Those who've been following the on-and-off dialogue between Telford Work and me may have noticed that my last post directed at him did not get answered. This is not because he hasn't wanted to, but because he's been so busy. (I think if I want prompt responses I'll have to wait till he gets tenure!) This week he's at a theology convention in the Great Frozen North, but before he left he told me he was planning to respond along the lines of a chapter by Nancey Murphy in a multivolume theology textbook he uses, and I was welcome to check it out.
I didn't expect to find this thing even in L.A.'s vast library system, and indeed I didn't. But I found another book by Murphy and some collaborators, called Whatever Happened to the Soul? Scientific and Theological Portraits of Human Nature. This looks at scientific work related to the mind, such as Darwinism, genetics and neuroscience, and attempts to reconcile it with the Christian view of the soul. I've only started the first chapter, but Murphy sets out the endgame:
The goal of the book is to demonstrate the possibility of an account of human nature that satisfies the demands of these many disciplines -- to show that the portraits sketched from these various disciplinary perspectives may all in fact be of the same "person." Each chapter in its own way points toward a view of the person that we call "non-reductive physicalism." "Physicalism" signals our agreement with the scientists and philosophers who hold it is not necessary to postulate a second metaphysical entity, the soul or mind, to account for human capacities and distinctiveness. "Non-reductive" indicates our rejection of contemporary philosophical views that say the person is "nothing but" a body...So the difficult issue is to explain how we can claim that we are our bodies, yet without denying the "higher" capacities that we think of as being essential for our humanness: rationality, emotion, morality, free will, and, most important, the capacity to be in relationship with God.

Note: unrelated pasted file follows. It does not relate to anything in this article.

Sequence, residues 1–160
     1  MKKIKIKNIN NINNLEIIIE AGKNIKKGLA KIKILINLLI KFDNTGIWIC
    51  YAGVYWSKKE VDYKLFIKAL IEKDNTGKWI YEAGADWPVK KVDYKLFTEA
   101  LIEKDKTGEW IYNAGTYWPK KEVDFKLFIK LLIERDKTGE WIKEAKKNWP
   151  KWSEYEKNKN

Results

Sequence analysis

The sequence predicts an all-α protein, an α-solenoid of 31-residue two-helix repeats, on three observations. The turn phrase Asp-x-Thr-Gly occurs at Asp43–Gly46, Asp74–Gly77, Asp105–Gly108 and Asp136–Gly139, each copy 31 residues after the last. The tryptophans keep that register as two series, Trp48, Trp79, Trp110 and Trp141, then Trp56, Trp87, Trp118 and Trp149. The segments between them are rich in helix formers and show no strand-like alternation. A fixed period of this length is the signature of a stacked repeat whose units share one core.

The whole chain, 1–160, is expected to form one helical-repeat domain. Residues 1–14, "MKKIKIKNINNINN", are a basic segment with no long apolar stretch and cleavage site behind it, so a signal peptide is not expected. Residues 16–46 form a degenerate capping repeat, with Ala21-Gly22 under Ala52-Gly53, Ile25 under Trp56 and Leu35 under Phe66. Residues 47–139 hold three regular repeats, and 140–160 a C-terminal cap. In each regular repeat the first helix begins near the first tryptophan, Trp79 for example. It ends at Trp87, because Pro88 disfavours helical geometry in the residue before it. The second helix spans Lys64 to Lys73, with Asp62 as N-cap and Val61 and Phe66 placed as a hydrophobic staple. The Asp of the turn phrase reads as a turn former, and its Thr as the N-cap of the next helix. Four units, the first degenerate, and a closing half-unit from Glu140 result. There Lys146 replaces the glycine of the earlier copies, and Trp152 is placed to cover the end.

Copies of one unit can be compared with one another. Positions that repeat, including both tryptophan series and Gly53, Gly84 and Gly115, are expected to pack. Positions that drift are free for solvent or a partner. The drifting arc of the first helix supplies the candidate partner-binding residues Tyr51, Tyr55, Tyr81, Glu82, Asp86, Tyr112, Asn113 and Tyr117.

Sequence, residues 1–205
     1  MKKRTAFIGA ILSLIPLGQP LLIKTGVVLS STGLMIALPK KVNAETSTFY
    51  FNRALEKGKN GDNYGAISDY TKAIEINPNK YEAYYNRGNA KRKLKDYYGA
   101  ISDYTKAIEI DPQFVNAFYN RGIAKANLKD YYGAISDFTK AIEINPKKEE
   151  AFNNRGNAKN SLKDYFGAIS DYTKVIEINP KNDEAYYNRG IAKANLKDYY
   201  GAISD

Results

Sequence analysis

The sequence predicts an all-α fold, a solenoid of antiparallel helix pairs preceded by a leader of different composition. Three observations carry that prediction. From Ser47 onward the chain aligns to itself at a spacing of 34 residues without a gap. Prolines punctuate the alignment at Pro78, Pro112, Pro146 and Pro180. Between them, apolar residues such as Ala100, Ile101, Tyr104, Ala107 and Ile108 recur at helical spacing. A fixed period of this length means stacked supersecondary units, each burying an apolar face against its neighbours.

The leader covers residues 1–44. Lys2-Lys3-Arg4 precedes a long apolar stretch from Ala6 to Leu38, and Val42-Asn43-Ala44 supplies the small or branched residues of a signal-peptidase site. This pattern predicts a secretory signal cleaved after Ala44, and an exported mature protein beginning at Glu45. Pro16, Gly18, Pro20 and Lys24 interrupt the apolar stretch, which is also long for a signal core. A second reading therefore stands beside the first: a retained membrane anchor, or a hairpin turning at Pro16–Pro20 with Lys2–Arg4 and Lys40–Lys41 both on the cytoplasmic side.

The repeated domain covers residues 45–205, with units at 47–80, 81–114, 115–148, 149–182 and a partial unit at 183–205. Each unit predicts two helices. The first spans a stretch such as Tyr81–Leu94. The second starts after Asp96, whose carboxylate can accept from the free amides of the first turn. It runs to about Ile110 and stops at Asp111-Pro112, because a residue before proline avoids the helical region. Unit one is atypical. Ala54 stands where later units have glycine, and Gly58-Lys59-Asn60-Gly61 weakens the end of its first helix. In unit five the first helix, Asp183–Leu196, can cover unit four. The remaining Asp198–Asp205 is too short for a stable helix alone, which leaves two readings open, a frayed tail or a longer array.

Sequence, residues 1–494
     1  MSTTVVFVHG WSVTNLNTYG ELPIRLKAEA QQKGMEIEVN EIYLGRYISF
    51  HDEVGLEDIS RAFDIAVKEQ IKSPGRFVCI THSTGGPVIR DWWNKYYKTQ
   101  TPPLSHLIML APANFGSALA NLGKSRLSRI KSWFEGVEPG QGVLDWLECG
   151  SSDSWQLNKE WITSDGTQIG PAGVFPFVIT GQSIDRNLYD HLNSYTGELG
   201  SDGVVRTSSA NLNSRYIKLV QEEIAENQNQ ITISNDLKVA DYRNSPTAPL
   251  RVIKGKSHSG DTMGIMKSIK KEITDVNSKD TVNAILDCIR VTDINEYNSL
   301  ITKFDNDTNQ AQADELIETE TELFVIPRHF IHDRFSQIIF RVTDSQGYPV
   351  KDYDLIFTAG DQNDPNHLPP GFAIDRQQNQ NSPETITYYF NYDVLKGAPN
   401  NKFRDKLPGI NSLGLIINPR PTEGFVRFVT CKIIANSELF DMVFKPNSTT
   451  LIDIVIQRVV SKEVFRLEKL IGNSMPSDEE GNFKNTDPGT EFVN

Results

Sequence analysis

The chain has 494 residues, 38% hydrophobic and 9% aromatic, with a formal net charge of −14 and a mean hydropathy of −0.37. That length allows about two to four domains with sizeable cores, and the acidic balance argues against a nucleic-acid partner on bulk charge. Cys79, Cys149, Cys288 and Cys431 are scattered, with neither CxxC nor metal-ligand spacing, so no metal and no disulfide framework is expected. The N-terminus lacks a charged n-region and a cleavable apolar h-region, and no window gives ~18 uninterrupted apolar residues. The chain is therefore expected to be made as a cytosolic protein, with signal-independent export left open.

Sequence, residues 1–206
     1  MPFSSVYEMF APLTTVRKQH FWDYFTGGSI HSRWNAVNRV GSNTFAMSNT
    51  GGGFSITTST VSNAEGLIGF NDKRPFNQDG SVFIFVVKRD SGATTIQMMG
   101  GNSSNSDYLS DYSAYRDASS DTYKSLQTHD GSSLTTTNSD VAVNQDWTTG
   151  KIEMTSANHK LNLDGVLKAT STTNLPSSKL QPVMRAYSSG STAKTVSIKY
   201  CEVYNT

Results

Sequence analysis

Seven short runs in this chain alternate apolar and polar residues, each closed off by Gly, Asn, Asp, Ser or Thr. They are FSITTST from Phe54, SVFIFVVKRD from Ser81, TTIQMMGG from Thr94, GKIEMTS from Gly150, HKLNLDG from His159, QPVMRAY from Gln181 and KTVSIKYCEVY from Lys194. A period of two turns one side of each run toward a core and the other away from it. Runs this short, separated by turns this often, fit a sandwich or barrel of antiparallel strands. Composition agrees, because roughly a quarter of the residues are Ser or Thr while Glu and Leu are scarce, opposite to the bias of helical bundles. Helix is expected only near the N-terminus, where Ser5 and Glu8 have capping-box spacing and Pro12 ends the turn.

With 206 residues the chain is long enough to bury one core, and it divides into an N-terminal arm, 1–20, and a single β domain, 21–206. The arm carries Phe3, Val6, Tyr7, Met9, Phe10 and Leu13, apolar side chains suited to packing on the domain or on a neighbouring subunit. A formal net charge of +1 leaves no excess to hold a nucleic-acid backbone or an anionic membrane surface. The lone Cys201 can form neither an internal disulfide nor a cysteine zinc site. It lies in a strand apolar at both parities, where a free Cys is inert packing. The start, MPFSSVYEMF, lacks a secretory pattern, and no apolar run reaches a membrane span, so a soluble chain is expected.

This isn't exactly what I asked -- my original argument with Telford was about the origin of evil. But there's enough of an overlap in the subject matter that I think the book could be productive. Minute Particulars has also been exploring this subject here and here, so look out for future posts as I read the book.
I already have one question though. Murphy starts out with a quick review of historic Western thinking about the soul, which is very interesting, but she evidently expects her readers to already know more than I do. So what the frick is the difference between an eternal soul and an immortal soul? This was apparently Augustine's idea, but she never explains what it means.